Last Updated on 6th July 2019
Julian Eaves reviews Richard Foreman’s Lava currently playing at the New Wimbledon Studio.
New Wimbledon Studio
2nd July 2019
Shrill. Dark. Confusing.
A winter-wonderland snowscape of white feathers awaits the visitor to ‘The Third Category’ of ‘Lava’: the American Richard Foreman’s latest puzzling stage entertainment to grace the venturesome small space above this grand Massey and Young pleasure palace. Using the characteristic palate of black, more black, some red, lots more black, and bits of white and grey, this production is not only produced but also directed, designed, lit, sound-designed, built and promoted by Foreman’s No.1 British fan, Patrick Kennedy. Kennedy, a theatrical polymath, also furnishes the droning, insistent, numbers-and-dogma voice-over, for which the stage action seems to be only a mere decorative flourish. Kennedy fearlessly lures into the strange, bizarre, challenging world of Foreman’s lurid imagination with this middle instalment, as his four actors – Lauren Anthony, Tommaso Giacomin, Robert Lane and Stephen Lee – hobble about wrapped into gruesomely expressionistic garb: the men stooped under great swelling humps, out of which boom loudspeaker versions of their raspingly close-miked voices, while Anthony remains comparatively more elfin in a simple black coat. Who are they? And what do they want? Two questions that are unlikely to have troubled Foreman, nor do they concern Kennedy.
Why? The clue is in the title of his outfit: the Phenomenological Theatre Company. Now, for all of you who are not keen students of this out-of-the-way philosophical bent, it’s a very American, Sixties thing, spawned by the Timothy Leary generation. So, here, while Kennedy is pitching his opening tirade, hot club guitars strum gamely and side drum brushes slither; if you haven’t smoked something headily intoxicating before the show begins, once it has started you will soon find that you begin to feel as if you have. By the time the hunched, pancaked, brutally expressive ‘characters’ (who are all identified by their ‘real’ actor names on the labels they wear) the whole weird gathering starts to feel like Derek Jarman’s ‘Wittgenstein’ without the maths: a Mad Hatter’s Teaparty for grand Guignol freaks.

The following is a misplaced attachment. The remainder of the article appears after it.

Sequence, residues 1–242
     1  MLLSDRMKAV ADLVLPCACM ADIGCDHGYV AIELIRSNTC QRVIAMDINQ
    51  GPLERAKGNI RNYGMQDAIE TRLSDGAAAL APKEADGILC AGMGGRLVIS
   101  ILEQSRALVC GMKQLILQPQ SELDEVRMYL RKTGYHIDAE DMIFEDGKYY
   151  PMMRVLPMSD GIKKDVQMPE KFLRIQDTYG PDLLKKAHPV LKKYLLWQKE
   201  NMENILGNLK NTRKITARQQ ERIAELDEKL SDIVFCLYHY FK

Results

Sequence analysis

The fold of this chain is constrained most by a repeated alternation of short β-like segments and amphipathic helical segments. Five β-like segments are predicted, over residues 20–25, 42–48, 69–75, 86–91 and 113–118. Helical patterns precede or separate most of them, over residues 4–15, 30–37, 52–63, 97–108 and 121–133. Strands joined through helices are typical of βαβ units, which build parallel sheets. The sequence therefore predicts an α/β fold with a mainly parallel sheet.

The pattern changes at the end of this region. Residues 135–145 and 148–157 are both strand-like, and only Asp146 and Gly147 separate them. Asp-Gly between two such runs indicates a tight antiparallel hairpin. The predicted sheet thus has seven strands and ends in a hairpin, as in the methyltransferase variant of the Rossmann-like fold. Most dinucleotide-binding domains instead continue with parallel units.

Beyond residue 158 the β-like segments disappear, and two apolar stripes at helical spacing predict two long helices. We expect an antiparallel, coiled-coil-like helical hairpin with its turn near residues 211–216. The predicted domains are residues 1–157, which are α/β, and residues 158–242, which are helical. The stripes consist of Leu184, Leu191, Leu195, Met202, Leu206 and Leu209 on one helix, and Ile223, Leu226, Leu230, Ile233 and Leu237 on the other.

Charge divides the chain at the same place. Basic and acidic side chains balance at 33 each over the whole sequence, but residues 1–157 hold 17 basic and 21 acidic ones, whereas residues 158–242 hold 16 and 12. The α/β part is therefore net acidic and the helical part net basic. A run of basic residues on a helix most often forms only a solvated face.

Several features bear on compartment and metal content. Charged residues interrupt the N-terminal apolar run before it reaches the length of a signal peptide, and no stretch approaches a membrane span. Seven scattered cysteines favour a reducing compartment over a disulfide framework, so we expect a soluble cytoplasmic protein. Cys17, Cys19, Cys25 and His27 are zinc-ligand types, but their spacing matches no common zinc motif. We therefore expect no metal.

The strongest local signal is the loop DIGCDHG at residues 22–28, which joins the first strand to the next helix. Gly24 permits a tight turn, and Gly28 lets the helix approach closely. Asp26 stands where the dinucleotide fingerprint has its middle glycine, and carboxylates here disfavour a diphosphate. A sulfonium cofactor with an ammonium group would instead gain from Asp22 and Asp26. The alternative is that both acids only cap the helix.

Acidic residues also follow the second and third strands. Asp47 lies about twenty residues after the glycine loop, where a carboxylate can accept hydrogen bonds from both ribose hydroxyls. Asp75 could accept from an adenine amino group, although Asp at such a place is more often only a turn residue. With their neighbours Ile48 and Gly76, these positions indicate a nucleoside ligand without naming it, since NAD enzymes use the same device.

Meanwhile, the ‘cut-up’ soundtrack of deliberately fragmentary and repetitive words continues to reject consciousness, it rejects reality, it rejects the self. Instead, it offers only Richard Foreman as a source of anything that might be considered worthy of our attention: the whole seems like an exercise in grotesque, toxic narcissism. More to the point, it feels like the conventions of the theatre are being sledge-hammered to smithereens in front of you, crushed by the grinding, over-laid narratives from the commentaries – other voices intrude – and the cacophony of the husky, rasping, close-miked actors on stage, whose distorted contributions weigh each other down or trip each other up they burst into choreography now and then, and even run around the hazardously befeathered stage floor, before finally withdrawing completely and just leaving us – mercifully – alone.
Of all the muses involved here, the only one possessed of any – intermittent – kindness is music. Dance is rough and ready, mechanical and pointless; speech is broken up and unsatisfying; the decor furiously uncomfortable. Somewhere, though, in this dark ‘third category’ (all part of some possibly phenomenologically ordered system), there is either a hint of comfort, or a cruel lure. You may decide for yourself!
Until 6th July